Throughout its 15-year history, Snarky Puppy has smartly utilized technology to promote its music and build its following; over several albums, the band built up its base by expertly documenting its concert-like recording sessions and releasing the footage on YouTube and DVD. Immigrance takes the filmic component even further. An online video series, inspired in part by the acclaimed storytelling project Humans of New York, will document immigrant musicians reflecting on both the big-picture ideas and winsome details of their lives. Participants thus far include some of the New York scene’s most remarkable musicians, like the Mexican-born drummer Antonio Sanchez, the Swiss-born harmonica player Grégoire Maret and the German-born guitarist-singer Leni Stern. “With people who feel very anti-immigration,” League begins, “the thing that’s missing is that they don’t look at the immigrant in the same way they look at themselves. They don’t look at them as a person who loves their mother’s cooking, a person who experiences the same joys and struggles.”
Joys and struggles have certainly been a part of the Snarky Puppy saga. League established his band as an undergrad, in need of a creative outlet after he failed to place into any of the jazz ensembles at the venerated University of North Texas. So he looked toward the fellow student musicians he also counted as friends, as well as the gospel and R&B pros they’d been playing with regularly near Dallas. Over the following decade and a half, through the ingenuity of their ideas and the sheer fortitude of their work ethic, League and Snarky Puppy would become one of the most significant crossover successes in recent jazz and instrumental-music history—playing to packed-out theaters and earning mainstage sets at major music festivals, and garnering coverage in high-profile outlets. “Snarky Puppy, the jumbo-size brainchild of bassist-composer Michael League, is one of the more versatile groups on the planet right now,” Rolling Stone said in 2016. “[T]he Grammy-winning orchestra plays a virtuosic, high-energy blend of jazz, funk, hip-hop and more.” A few years ago, Snarky Puppy established a label, GroundUP Music, to release its own recordings as well as the work of friends and collaborators like David Crosby, who first worked with the group on volume two of its vocal project Family Dinner. In 2017, League and GroundUP launched the intimate annual GroundUP Music Festival in Miami Beach, showcasing a panoramic range of contemporary sounds and lifting up emergent artists.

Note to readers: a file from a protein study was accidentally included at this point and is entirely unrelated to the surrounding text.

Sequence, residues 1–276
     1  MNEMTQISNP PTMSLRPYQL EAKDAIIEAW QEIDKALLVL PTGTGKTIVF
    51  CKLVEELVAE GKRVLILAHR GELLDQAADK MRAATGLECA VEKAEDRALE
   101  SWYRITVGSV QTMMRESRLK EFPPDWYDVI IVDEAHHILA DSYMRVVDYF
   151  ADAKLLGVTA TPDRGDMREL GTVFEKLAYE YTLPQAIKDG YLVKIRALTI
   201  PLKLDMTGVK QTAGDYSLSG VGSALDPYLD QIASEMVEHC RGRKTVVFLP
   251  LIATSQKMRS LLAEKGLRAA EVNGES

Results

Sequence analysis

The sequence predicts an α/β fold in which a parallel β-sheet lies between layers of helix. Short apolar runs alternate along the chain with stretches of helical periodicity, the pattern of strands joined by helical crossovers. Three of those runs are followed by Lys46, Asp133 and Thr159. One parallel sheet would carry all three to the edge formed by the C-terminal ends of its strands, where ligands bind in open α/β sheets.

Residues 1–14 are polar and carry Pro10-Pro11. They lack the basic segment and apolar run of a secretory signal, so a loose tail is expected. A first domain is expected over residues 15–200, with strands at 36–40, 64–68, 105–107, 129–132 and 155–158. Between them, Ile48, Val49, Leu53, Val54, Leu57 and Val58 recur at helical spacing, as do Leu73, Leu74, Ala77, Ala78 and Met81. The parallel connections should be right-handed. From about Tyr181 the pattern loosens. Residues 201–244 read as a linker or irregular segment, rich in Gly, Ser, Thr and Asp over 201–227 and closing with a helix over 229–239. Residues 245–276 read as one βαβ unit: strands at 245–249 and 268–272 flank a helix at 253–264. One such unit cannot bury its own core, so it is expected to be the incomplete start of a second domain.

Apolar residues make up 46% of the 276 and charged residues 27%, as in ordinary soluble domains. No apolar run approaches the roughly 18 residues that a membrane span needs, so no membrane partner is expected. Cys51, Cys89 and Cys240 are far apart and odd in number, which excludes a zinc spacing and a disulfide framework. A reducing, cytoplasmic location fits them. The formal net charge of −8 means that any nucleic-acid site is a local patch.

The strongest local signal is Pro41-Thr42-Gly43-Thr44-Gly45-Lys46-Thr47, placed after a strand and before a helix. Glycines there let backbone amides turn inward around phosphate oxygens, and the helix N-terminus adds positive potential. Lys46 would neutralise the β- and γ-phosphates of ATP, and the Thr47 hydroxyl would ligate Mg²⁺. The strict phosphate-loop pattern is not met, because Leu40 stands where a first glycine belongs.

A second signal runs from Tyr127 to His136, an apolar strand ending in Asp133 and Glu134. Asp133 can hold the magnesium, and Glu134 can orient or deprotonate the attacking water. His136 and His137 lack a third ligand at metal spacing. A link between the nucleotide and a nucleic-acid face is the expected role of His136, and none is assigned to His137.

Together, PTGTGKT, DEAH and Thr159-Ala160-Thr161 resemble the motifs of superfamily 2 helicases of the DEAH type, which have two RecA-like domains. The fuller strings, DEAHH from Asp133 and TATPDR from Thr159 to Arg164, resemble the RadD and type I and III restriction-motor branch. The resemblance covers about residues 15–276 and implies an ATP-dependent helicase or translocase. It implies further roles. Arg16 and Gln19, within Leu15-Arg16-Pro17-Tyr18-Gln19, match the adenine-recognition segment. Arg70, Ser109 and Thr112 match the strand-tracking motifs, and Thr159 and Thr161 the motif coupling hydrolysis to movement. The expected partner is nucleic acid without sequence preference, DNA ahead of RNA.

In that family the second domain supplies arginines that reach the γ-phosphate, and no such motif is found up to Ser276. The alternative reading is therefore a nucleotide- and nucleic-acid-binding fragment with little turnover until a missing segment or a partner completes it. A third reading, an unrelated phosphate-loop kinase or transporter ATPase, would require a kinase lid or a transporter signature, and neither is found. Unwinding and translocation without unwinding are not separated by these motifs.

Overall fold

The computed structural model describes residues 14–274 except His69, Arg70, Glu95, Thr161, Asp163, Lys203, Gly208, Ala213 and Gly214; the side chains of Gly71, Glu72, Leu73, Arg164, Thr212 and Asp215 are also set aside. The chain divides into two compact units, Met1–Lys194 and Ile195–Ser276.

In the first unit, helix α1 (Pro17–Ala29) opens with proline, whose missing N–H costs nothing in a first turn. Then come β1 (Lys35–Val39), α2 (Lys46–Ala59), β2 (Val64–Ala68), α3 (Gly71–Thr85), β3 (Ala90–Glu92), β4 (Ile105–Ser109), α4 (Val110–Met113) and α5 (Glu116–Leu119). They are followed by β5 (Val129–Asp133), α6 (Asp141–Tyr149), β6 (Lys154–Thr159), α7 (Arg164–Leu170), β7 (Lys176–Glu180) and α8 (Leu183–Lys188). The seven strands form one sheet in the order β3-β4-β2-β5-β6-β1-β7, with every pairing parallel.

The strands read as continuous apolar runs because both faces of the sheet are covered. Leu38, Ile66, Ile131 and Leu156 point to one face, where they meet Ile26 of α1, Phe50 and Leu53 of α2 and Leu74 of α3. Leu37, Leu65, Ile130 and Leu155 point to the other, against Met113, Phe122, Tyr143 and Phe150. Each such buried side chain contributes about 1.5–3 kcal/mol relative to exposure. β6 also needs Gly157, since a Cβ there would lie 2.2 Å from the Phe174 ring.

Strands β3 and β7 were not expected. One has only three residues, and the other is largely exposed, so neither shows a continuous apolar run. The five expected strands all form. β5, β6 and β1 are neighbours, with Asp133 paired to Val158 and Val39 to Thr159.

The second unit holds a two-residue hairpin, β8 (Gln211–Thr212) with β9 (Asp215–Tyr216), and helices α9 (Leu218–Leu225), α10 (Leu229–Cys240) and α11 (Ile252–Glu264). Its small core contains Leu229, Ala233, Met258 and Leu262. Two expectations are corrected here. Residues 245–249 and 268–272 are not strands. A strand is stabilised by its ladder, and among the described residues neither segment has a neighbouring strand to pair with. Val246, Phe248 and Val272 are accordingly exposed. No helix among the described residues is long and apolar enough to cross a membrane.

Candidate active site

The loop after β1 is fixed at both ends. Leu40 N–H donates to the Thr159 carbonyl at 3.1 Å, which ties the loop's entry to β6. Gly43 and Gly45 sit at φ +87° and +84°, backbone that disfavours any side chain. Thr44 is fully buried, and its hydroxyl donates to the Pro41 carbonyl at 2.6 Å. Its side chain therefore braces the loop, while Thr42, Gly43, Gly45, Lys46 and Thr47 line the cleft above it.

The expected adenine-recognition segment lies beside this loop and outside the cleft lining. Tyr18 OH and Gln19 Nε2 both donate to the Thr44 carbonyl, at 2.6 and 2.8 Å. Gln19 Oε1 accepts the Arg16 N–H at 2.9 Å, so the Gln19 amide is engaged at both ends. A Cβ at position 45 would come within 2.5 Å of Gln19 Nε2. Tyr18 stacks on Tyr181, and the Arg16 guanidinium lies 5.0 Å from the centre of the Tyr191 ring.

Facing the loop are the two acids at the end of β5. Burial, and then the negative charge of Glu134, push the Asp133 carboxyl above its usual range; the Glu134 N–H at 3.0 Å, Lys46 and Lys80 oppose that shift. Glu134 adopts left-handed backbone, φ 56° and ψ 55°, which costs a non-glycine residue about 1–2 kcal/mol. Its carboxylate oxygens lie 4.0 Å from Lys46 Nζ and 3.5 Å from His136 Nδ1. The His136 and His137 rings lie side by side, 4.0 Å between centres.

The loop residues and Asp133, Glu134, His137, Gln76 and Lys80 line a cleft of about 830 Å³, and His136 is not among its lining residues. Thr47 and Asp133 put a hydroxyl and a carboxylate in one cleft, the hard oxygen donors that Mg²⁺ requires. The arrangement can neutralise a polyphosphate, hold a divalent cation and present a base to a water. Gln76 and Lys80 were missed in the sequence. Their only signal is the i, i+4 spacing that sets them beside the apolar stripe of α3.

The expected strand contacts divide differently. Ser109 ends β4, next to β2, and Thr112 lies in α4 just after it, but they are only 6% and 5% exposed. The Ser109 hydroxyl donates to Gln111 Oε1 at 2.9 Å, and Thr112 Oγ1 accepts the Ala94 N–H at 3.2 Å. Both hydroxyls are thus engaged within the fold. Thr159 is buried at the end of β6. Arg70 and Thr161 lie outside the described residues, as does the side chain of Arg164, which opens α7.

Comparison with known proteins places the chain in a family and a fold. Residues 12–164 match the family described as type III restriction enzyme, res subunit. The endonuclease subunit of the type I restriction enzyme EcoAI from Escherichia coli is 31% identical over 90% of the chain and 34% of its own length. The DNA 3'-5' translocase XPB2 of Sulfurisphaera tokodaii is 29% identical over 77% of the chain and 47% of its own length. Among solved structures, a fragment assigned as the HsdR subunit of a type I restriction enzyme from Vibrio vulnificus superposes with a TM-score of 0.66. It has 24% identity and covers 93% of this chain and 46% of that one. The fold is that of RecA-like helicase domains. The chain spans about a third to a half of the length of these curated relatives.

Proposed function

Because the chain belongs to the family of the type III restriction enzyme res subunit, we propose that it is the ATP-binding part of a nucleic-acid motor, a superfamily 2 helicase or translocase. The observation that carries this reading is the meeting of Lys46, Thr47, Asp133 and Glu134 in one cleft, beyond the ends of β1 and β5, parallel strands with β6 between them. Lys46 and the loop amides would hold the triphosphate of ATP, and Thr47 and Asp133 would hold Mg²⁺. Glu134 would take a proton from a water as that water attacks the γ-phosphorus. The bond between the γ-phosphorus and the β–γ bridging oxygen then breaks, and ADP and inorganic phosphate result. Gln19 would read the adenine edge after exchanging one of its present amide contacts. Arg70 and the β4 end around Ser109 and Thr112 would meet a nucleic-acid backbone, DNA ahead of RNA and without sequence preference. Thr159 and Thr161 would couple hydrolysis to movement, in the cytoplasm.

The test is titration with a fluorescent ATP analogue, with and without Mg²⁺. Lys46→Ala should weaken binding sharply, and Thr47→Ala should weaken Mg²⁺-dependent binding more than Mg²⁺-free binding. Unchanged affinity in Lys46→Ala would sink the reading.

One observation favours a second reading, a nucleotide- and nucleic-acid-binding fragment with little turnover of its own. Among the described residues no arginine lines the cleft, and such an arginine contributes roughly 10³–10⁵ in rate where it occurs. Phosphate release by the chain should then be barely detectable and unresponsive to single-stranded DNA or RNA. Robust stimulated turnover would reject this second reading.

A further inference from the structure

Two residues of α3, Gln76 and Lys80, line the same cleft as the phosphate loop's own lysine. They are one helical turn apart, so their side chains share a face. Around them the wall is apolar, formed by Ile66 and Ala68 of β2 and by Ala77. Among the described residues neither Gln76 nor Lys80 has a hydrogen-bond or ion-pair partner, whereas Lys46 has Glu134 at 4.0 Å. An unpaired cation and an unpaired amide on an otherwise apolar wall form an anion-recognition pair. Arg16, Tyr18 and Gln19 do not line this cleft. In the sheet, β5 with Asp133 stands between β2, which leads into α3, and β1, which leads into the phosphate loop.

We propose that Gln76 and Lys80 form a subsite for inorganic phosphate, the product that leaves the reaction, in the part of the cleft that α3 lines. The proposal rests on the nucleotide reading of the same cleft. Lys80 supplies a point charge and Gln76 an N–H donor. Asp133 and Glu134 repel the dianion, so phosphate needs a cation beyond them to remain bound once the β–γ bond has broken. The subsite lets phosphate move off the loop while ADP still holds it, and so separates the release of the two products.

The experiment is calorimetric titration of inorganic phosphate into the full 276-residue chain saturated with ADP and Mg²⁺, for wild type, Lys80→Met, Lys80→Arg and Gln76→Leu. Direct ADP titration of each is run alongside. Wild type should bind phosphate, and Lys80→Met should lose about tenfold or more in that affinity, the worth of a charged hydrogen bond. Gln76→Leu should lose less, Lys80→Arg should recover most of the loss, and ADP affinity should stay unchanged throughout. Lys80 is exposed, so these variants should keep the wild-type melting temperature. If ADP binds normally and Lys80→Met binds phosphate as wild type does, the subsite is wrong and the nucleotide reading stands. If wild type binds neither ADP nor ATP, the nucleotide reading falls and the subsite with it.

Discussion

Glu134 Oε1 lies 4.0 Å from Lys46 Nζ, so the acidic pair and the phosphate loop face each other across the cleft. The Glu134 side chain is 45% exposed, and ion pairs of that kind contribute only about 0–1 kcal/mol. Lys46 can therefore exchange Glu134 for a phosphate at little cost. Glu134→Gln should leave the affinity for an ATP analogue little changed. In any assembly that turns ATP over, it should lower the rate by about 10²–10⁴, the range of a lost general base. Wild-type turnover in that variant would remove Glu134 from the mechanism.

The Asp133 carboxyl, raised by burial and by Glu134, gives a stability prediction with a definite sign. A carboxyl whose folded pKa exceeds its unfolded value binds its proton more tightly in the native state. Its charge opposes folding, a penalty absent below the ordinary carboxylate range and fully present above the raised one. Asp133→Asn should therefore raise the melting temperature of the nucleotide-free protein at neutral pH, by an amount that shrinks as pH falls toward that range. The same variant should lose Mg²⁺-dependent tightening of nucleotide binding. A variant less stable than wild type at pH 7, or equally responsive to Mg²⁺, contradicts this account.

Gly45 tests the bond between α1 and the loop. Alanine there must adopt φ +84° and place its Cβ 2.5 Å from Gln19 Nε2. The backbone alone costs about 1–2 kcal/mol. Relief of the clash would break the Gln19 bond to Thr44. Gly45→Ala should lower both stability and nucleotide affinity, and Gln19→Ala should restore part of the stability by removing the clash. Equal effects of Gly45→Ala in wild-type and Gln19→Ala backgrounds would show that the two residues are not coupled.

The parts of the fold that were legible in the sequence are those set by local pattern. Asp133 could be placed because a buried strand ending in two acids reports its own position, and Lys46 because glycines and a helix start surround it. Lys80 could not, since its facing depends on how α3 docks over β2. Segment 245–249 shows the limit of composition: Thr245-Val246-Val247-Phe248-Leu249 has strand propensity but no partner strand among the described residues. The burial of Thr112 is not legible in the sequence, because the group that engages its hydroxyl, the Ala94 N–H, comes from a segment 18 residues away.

In recent years, after so much elbow grease, awards have been plentiful, and include three Grammys and numerous poll placings. In 2017 alone, Snarky Puppy captured the “Jazz Group of the Year” title in the DownBeat Readers’ Poll and “Best Contemporary Group” in the JazzTimes Readers’ Poll. Not surprisingly, the collective has become an incubator for game-changing talent. Nearly every member of Snarky Puppy is a bandleader or solo artist, releasing albums and touring regularly.
Throughout its countless gigs and dozen previous albums, Snarky Puppy’s not-so-secret weapon has been diversity. After all, what better way to make all-embracing music than to utilize musicians from every corner of the U.S. in addition to Argentina, Japan, Canada, the U.K. and elsewhere? So with Immigrance, Snarky Puppy is essentially practicing what it’s preached all along. “The band itself is a representation of what we’re trying to express musically,” League explains. “That people from different places can bring their various strengths and experiences, and how that can be beautiful and cohesive.”